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Migrants, Europe Needs Vision, not Tactics

The compromise reached by the European Council was merely tactical, aimed at avoiding a failure, rather than finding a real, shared solution

by Sergio Salvatore - the European Institute of Cultural Analysis for Policy (EICAP)

Migranti attraversano il Mediterraneo (credits: UNHCR).

Last 28th and 29th June there was an important political meeting of the European Council, focusing on migration. The Council was held in a very polarized and bewildering scenario. Despite many observers fully expecting it to fail, it was able to reach an agreement, but a real, shared solution is still faraway

Last 28th and 29th June there was an important political meeting of the European Council – i.e. the European Union’s body comprising the 28 member states’ heads of government. The core of the meeting agenda was migration.

The Council was held in a very polarized and bewildering scenario. On the one side, there was Italy, which called for the recognition of the tenet that migrants arriving on the soil of any European country actually arrive in Europe and therefore have to be the responsibility of the whole of Europe, rather than of the single state. This claim implies a radical overriding of the current framework (i.e. the so-called Dublin regulation, which states that migrants have to be handled by the country where they arrive), in the direction of compulsory distribution of migrants among EU member states regardless of the country of entrance. On the other side there were the countries not exposed to the migration fluxes that are willing to provide economic and political support to Italy and other Southern countries, but are totally unwilling to assume actual co-responsibility (i.e. to accept the rule of compulsory quotas of distribution). A further, and very important, factor in making positions more inflexible was Germany’s internal political situation – Prime Minister Angela Merkel had to deal with the position of her Interior Minister, Horst Seehofer, threatening to bring down the government if she did not introduce harsher migrant policies (e.g. restriction on migrants’ onward movements).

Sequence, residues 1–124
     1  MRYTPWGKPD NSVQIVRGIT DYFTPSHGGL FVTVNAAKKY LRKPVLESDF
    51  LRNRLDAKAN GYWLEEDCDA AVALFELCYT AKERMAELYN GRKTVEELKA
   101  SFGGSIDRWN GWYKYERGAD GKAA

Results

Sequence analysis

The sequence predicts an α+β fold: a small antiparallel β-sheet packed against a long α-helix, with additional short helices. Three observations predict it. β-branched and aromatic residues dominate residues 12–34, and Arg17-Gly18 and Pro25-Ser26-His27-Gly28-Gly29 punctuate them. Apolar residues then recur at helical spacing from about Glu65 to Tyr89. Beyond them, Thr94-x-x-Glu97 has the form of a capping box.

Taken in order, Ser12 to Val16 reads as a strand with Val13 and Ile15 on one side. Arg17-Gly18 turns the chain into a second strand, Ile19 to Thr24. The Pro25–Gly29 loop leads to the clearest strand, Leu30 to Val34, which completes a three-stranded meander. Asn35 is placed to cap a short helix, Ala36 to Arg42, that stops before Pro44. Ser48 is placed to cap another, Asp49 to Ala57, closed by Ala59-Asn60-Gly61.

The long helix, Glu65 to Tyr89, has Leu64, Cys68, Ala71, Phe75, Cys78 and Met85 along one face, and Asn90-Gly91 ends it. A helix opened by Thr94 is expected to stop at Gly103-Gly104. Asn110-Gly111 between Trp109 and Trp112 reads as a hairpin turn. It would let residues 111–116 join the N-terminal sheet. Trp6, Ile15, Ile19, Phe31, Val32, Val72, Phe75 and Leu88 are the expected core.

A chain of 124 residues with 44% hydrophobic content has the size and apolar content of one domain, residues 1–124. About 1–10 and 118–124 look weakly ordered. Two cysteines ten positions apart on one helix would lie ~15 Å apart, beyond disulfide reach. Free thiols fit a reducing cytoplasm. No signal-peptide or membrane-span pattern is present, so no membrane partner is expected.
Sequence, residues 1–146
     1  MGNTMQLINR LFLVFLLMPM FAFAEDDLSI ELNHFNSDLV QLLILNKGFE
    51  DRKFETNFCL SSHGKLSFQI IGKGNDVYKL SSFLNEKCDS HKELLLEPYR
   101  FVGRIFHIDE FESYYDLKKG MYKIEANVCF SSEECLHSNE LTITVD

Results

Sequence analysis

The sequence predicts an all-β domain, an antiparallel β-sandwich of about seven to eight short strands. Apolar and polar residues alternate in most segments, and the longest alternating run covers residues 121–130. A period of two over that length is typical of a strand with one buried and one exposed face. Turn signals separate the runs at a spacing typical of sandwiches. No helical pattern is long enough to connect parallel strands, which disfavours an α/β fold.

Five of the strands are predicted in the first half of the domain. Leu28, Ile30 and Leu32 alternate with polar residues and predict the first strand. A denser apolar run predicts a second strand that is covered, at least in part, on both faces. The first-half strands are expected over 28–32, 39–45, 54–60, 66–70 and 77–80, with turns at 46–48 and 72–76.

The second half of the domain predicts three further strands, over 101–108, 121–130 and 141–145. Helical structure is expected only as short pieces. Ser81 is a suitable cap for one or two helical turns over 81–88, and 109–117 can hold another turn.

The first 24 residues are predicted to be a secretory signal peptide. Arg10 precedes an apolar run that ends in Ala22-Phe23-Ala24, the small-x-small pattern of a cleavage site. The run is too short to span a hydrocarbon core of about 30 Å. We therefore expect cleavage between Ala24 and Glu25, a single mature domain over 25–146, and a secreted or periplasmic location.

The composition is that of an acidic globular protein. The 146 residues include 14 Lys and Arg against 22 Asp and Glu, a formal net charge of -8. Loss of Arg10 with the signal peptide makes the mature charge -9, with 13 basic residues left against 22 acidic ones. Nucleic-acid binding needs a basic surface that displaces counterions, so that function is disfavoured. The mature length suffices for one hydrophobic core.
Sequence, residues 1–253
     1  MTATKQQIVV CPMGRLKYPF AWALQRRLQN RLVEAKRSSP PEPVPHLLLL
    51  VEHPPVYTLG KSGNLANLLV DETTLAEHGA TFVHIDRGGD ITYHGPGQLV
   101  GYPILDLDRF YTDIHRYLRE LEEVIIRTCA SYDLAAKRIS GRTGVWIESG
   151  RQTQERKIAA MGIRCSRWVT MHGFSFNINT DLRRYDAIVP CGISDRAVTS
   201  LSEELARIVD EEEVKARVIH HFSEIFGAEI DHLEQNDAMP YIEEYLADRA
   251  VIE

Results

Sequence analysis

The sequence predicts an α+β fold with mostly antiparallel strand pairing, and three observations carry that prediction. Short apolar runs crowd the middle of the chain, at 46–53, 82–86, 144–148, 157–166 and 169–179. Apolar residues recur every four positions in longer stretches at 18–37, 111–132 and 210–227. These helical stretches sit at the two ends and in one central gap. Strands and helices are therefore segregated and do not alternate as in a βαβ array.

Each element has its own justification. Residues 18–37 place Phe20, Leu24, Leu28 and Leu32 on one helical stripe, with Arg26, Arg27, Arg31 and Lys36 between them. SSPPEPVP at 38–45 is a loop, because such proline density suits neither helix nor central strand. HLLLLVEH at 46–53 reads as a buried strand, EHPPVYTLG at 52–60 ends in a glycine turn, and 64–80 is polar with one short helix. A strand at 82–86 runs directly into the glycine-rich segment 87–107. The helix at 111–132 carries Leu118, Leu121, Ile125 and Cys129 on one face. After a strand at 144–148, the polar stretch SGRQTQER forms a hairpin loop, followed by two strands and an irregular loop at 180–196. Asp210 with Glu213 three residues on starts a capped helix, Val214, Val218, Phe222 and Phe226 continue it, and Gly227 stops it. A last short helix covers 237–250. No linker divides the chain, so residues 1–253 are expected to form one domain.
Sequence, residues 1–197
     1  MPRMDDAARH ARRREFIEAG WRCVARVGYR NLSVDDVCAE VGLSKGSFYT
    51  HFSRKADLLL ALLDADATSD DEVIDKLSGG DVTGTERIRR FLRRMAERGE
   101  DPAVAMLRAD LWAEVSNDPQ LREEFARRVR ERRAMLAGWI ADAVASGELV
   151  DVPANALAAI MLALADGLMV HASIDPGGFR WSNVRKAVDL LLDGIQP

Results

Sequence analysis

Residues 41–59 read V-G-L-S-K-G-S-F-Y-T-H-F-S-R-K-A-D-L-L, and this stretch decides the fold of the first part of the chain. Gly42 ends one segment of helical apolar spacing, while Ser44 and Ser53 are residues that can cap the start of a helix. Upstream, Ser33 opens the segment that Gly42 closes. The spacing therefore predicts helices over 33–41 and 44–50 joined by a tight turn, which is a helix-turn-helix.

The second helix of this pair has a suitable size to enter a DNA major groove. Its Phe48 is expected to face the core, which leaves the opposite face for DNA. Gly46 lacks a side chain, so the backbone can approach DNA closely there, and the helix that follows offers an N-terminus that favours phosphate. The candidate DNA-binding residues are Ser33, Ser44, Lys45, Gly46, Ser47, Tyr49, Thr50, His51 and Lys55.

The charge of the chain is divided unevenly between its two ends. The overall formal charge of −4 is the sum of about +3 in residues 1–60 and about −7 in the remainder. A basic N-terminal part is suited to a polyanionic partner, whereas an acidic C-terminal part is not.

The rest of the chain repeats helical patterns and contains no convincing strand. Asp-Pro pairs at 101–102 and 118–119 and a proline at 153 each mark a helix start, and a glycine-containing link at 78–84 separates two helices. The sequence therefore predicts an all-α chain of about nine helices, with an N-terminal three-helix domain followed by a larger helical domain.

Despite many observers fully expecting it to fail, the Council was able to reach an agreement. Yet the compromise was merely tactical, aimed at avoiding a failure, rather than at finding solutions. On the one hand, Italy was given a sop in response to its call for involvement of the other EU members; however, such co-responsibility will have to be “on a voluntary basis”, thus “without prejudice to the Dublin reform”, namely the framework strongly defended by the Visegrad countries (Poland, Hungary, Czech Republic and Slovakia), unwilling to hear a single word even just suggesting the idea of compulsory involvement of their countries. On the other hand, Germany obtained quite a strong declaration against the movements of asylum seekers among EU countries (“secondary movements of asylum seekers between Member States risk jeopardising the integrity of the Common European Asylum System and the Schengen acquis”), very much needed by Merkel in order to save her government. In short, the Council managed to provide a new version of the Dodo Bird verdict – Everyone has won and all must have prizes.

Unfortunately, Europe is not Wonderland. Just the days after new tensions and polemics highlighted how fragile and only apparent the compromise was – Italy claimed with even more emphasis the decision to refuse to open their ports to ONG boats carrying migrants saved from the sea; Merkel got an agreement with Seehofer on the basis of a more rigid policy of resettlement and relocation of migrants coming from other EU states; as result of that, Austria expressed the intention to empower frontiers controls in order to avoid the entrance of migrants into its territory. In sum, the brief-breath solution found by the Council does not only appear with any evidence to be unable to face with the actual problems; rather, it contributes to make them even harder, triggering an enforcement of both external and internal boundaries. And this means to make even more the Mediterranean Sea a cemetery, as consequence of constraints put on ONGs activity of succours at sea (these constraints are due to the fact that people saved by ONG are migrants that then have to be hosted) as well as to run quickly toward the dissolution of the Schengen framework, namely of the idea – central for the European identity – of no boundaries inside EU.